In order to promote a complete understanding of the present invention, elements of the flow sensor will be described with respect to the figures.

The flow sensor 10 of FIG. 1, as installed in the fluid flow sensor assembly 11, is generally composed of a turbine, or paddle wheel, type impeller, an impeller housing, and a magnetic, inductive, capacitance, infrared, or optical sensor capable of detecting rotary motion of the impeller as fluid flows within the pipe.

The normally-closed, high-flow valve 12 of the present invention is a valve which conveys fluid flow in only one direction due to the presence of an internal closure 13, held normally-closed using a spring 14 which, upon application of sufficient hydrodynamic force, may be opened to convey flow in that same direction. The internal dimensions of the normally-closed, high-flow valve 12 provide for maximum fluid volumetric flow rates conveyed through the normally-closed valve, when displaced to an opened position, that may greatly exceed the maximum fluid volumetric flow rates capable of moving through the flow sensor 10 portion alone.

The case of low fluid volumetric flow is illustrated in FIG. 1 in which the normally-closed, high flow valve 12 remains closed and all fluid flow is directed through the flow sensor 10.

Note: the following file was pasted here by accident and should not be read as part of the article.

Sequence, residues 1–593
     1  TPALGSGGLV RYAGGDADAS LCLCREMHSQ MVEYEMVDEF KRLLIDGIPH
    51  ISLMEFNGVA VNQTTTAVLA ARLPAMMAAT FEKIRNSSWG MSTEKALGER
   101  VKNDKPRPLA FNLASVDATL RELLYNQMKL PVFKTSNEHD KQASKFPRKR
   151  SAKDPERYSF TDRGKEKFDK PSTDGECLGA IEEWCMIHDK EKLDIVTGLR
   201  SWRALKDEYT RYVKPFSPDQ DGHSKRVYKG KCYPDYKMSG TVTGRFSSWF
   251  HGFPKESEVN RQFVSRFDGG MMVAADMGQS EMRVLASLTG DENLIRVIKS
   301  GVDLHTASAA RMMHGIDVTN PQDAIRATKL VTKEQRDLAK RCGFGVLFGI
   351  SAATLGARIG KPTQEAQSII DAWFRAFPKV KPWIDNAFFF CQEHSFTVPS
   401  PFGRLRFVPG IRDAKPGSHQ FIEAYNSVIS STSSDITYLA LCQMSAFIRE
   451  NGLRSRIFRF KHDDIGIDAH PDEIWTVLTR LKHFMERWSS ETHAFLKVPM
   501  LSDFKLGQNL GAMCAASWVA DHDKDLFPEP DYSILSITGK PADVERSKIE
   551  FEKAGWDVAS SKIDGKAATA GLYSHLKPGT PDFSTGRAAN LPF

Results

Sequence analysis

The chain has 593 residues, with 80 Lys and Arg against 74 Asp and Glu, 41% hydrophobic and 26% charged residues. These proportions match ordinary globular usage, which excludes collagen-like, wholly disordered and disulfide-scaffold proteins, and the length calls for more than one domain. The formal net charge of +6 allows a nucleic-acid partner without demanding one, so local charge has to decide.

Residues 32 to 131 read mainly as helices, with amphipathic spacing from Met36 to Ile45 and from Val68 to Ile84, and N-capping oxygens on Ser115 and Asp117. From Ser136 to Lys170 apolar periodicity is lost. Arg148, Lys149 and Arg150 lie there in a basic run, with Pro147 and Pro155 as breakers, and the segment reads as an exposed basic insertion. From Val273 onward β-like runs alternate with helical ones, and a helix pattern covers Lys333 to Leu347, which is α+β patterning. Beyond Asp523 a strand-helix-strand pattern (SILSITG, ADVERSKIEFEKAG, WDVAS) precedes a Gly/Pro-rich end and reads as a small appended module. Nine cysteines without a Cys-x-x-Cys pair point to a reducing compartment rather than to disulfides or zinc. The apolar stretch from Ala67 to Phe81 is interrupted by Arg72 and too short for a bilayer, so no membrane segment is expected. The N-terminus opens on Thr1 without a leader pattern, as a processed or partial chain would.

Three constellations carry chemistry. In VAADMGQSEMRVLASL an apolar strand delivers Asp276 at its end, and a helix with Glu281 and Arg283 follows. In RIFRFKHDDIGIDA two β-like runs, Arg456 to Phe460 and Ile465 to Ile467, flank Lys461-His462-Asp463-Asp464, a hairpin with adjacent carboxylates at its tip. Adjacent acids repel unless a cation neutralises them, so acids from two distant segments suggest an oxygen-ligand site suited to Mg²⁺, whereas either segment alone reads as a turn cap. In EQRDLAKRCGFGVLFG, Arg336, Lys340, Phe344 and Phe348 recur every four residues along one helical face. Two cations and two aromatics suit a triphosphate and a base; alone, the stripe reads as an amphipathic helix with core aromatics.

The case of high fluid volumetric flow is illustrated in FIG. 2 in which the normally-closed, high flow valve 12 is forced open, due to the increased pressure drop across the flow sensor assembly associated with high volumetric fluid flow, which results in parallel fluid volumetric flow through both the flow sensor 10 and the normally-closed, high flow valve 12, displaced to an opened position. At this pressure drop, which equals or exceeds the cracking pressure of the valve closure, the total fluid volumetric flow exceeds that which the flow sensor 10 alone conveys. Thus an amplification of fluid volumetric flow is achieved, for a given pressure drop, concurrent with the signal transmission of flow information from the flow sensor 10.

A plot of the relationship of fluid volumetric flow to flow sensor 10 output frequency is illustrated FIG. 3. This relationship provides the calibration information necessary to employ the flow sensor 10 signal for fluid volumetric flow rate measurement using the fluid flow sensor assembly 11.

EXAMPLE 1

A fluid flow sensing assembly 11 was constructed comprised of a Parker/UCC International Corporation, Dataflow Compact Flow Sensor 10, Model DFC.900.100 and a polyvinyl chloride (PVC), 0.75 inch, Schedule 40, American Valve, Inc., Milano, Normally-Closed, Check Valve 12, Model P32S—0.75 inch. The normally-closed, check valve 12 was designed to commence conveying fluid flow in only one direction when a specific pressure drop across the valve, i.e., a cracking pressure, of 0.5 pounds per square inch (psi), was exceeded. Using PVC plumbing fittings, produced by Lasco Fittings, Inc., the flow sensor and the normally-closed, check valve were plumbed in a parallel flow arrangement as seen in FIG. 1.